The Queensland Government is proposing to replace the five current Acts with a single "Common Resources Act" with multiple resource-specific regulations.

The Queensland Government is proposing that, by 2016, a new "Common Resources Act" be developed to replace the State's current resources legislation: the Mineral Resources Act 1989, the Petroleum and Gas (Production and Safety) Act 2004, the Petroleum Act 1923, the Greenhouse Gas Storage Act 2009 and the Geothermal Energy Act 2010.

An industry discussion paper has been released by the Department of Natural Resources and Mines to peak industry bodies and stakeholders that outlines the Government's proposal and its preferred process for implementing the reform.

As the Government claims, this stands to be the most significant reform to Queensland's resources legislation in over 150 years, and is aimed at harmonising the tenure processes and streamlining regulatory administration.


The move to reform has been fuelled by the Newman Government's electoral promise to reduce red tape by 20% and the recent Streamlining Approvals Project that identified a number of benefits associated with harmonising the regulation of resource tenures.

The Government has identified Queensland's resources legislation as having become unnecessarily complex and inefficient as a result of having historically separate tenure regimes for minerals and petroleum, and cumulative amendments to legislation being made over time rather than genuine reform.

The Government undertook an analysis of similar mining jurisdictions to compare various models of tenure legislation, and concluded that a model adopting a single Act with multiple resource-specific regulations was the preferred reform approach.

Reform pathway

The Government proposes to deliver the legislative reform incrementally over the next 3 to 4 years, in the following stages:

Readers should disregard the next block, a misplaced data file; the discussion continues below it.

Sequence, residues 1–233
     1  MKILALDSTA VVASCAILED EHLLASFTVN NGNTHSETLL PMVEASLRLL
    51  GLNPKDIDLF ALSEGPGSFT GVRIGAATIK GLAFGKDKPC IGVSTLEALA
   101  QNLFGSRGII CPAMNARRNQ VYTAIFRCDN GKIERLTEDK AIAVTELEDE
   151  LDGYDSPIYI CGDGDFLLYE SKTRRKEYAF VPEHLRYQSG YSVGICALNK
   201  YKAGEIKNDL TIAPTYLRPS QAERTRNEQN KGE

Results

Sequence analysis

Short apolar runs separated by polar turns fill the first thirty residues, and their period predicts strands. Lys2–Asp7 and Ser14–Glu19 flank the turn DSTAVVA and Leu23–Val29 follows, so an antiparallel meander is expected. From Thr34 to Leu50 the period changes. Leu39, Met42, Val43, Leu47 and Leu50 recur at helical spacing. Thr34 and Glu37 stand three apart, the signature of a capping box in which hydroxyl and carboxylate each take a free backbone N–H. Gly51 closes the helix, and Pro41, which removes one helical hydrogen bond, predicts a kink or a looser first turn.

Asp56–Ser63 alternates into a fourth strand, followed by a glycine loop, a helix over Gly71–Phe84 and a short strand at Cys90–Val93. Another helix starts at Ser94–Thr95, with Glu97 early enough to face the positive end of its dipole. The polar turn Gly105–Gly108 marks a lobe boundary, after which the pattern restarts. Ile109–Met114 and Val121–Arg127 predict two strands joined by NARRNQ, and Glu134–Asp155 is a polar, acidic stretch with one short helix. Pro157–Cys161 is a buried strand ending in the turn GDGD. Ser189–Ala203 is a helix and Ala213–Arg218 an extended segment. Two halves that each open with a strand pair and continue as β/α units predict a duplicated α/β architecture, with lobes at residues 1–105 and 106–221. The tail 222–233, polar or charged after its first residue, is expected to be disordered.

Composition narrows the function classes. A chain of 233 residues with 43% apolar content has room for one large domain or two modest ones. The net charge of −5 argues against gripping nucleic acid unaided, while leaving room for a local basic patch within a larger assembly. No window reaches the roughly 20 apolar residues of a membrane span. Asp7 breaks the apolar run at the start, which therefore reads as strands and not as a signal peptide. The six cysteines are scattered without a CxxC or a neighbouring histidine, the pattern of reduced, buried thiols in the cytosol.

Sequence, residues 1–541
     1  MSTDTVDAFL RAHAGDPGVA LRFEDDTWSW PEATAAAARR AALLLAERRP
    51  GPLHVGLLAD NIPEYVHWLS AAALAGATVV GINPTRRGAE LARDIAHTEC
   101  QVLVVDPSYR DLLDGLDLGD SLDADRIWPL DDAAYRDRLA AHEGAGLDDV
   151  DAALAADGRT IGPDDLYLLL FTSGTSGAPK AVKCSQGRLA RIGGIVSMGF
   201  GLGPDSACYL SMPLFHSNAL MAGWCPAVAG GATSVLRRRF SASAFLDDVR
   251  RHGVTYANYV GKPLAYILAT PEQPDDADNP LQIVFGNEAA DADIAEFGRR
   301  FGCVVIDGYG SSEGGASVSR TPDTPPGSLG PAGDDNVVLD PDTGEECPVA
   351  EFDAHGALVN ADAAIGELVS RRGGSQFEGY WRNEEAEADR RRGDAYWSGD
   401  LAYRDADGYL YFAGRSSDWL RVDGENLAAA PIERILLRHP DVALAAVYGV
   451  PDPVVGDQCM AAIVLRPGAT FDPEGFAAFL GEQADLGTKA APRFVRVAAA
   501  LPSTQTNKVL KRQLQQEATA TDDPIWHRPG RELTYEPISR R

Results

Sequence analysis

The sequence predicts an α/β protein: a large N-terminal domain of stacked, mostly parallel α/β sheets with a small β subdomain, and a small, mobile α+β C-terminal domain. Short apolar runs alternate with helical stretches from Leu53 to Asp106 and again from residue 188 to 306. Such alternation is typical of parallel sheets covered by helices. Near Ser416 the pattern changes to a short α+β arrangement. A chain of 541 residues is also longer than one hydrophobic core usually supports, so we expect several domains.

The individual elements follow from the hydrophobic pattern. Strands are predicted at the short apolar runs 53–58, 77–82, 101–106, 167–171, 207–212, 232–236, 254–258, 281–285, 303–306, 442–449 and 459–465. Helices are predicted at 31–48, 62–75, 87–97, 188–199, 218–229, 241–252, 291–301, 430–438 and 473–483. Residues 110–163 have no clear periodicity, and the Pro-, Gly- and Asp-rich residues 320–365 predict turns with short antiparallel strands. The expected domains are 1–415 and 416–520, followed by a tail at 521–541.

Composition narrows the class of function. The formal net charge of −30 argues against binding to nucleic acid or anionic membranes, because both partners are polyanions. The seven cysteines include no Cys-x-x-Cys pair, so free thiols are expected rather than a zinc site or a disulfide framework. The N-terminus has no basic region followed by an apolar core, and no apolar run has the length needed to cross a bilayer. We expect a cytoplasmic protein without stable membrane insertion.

• Stage 1: Creation of a "Common Sections Act"

All existing common elements from the five current resources Acts would be transferred to a new Common Sections Act. This would include common sections dealing with royalties, security, dealings, registers and native title.

  • Stage 2: Other common non-permit related provisions

All "post-grant" related provisions would be reviewed with the aim of achieving commonality and transferred to the new Common Sections Act. These would include provisions dealing with compensation, ownership of assets, non-compliance, appeals, reporting and overlapping tenures.

  • Stage 3: Establishing common permit types

A common set of tenure types would be established in the new Common Sections Act, with transitional provisions for the automatic conversion of existing tenures to the new types. The discussion paper acknowledges that some tenure types are resource specific (eg. petroleum pipeline licences).

  • Stage 4: Developing resource-specific solutions

The remaining resource-specific provisions of the current Acts would be dealt with, either by new resource-specific sections created in the new Act or by resource-specific regulations. The health and safety provisions in the Petroleum and Gas (Production and Safety) Act 2004 would be separated into its own legislation.

The Government is anticipating each stage will take approximately 1 year to complete. A new industry and government reference panel is to be established to manage the reform project, and will be supported by smaller working groups.

What's next?

The industry discussion paper invites submissions from peak industry bodies and stakeholders on the following:

  • the Government's vision of achieving a single common resources Act with multiple resource-specific regulations; and
  • the Government's proposal to incrementally and collaboratively deliver legislative reform over the next 3 to 4 years.

Submissions are due by 1 March 2013.